It’s no secret that employees need more help reaching their retirement goals. Even though investors may have access to more information than ever before, quality advice, especially around retirement, is still out of reach for many. In response, many employers have made online advice tools, such as managed accounts, increasingly available to employees in 401(k) plans. Managed accounts and other online advice tools can help guide employees on how much save, how to invest their savings, and when to retire. But what impact, if any, do these programs have on saving and investing behavior? And what learnings can employers leverage to design a plan that helps employees meet their retirement goals?
What does an employee’s journey toward retirement tell us about how likely they are to reach their goals? New research findings answer some important questions.
If you’re not taking factors into consideration, your plans may be positioned for yesterday’s market cycle — not tomorrow’s. Invesco Global Solutions Team has found that many DC plans are positioned for bull markets and low volatility, and are exposed to the risk of higher volatility and early cycle downturns.
The bull market seems to be running on fumes, but it’s left its mark on target-date fund evaluation. Methodologies relying on past performance overlook the dramatic influence of market beta in recent years. As a result, we again see the industry turn toward excessive risk-taking. The tremendous increase in the number of participants close to retirement and relying on TDFs means a market correction could be devastating.
In this webinar, you’ll gain firsthand knowledge of 401(k) participant sentiments from Schwab Retirement Plan Services, Inc.
In a very special forum—free and exclusively for plan advisers—the editors of PLANSPONSOR and PLANADVISER magazines invite you to join industry experts, including the CEO of one of the nation’s most innovative retirement focused technology companies and one of the nation’s leading institutional investment consultants
New research around the retirement readiness of Americans underpins some of our latest innovations. Discover how technology can change the way you talk about plan design with your clients. And see how advanced analytics is modernizing how people get advice.
Don’t Let Average be Your Benchmark.
Active bond managers have outperformed passive over the last ten years in a variety of market conditions.* The more challenging the market environment, the more investors need an active approach to help them achieve their objectives.
Looking for creative ways to help plan sponsors address one of their top three challenges… employee engagement? Join Invesco along with our partners MassMutual and Empower as we explore our NEW defined contribution participant language research, plus tips to help enhance participant engagement through education.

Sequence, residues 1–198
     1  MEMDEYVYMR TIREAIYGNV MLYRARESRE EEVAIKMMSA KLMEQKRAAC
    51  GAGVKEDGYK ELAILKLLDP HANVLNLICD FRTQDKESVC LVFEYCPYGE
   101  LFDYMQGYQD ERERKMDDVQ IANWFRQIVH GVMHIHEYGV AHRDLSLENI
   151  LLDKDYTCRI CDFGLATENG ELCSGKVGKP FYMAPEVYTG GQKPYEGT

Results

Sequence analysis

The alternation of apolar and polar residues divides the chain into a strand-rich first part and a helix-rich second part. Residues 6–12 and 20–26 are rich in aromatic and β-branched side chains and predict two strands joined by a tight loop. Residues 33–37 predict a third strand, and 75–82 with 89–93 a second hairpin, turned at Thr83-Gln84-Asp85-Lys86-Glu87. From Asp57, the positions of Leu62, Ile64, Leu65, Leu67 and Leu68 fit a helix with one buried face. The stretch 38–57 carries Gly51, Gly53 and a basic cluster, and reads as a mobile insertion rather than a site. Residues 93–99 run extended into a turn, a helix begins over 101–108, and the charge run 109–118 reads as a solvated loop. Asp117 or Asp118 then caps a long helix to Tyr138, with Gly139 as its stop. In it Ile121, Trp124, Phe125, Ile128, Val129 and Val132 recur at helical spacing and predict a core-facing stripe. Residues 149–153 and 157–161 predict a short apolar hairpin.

As participants age, their financial needs and contexts evolve. While early-career participants may be treated as a more homogenous group, late-career participants’ situations become more unique and more complex. However, many participants are not aware of exactly what their changing retirement planning needs are. In the spirit of seeking better outcomes, we ought to consider how to meet these often unarticulated needs. That’s what innovation is all about.
Need ideas to help educate plan sponsors on blending active and passive investments in their DC plan? This webcast highlights five simplistic conclusions — or “investment myths” — about passive, broad-market, cap-weighted benchmark strategies to help you discuss active and passive investing with plan sponsors. At Invesco, we believe that a wide variety of strategies can play a role in a well-constructed, high-conviction retirement plan, but it’s important to base investment decisions on facts, not myths.
New findings from our The Science of Superior Service study reveal that what sponsors want and what you’re delivering may be light years apart
CE Credit Webcast: Target-date funds (TDFs) continue to be the qualified default investment alternative (QDIA) of choice for most retirement plans, and many plans have kept the same fund suite in place since the QDIA regulation was adopted. However, the nature of target-date fund construction means that the ongoing evaluation of such funds is difficult. As Advisers try to build scale and efficiencies in their practices, they need tools and support to navigate the complexities of a target date funds monitoring process.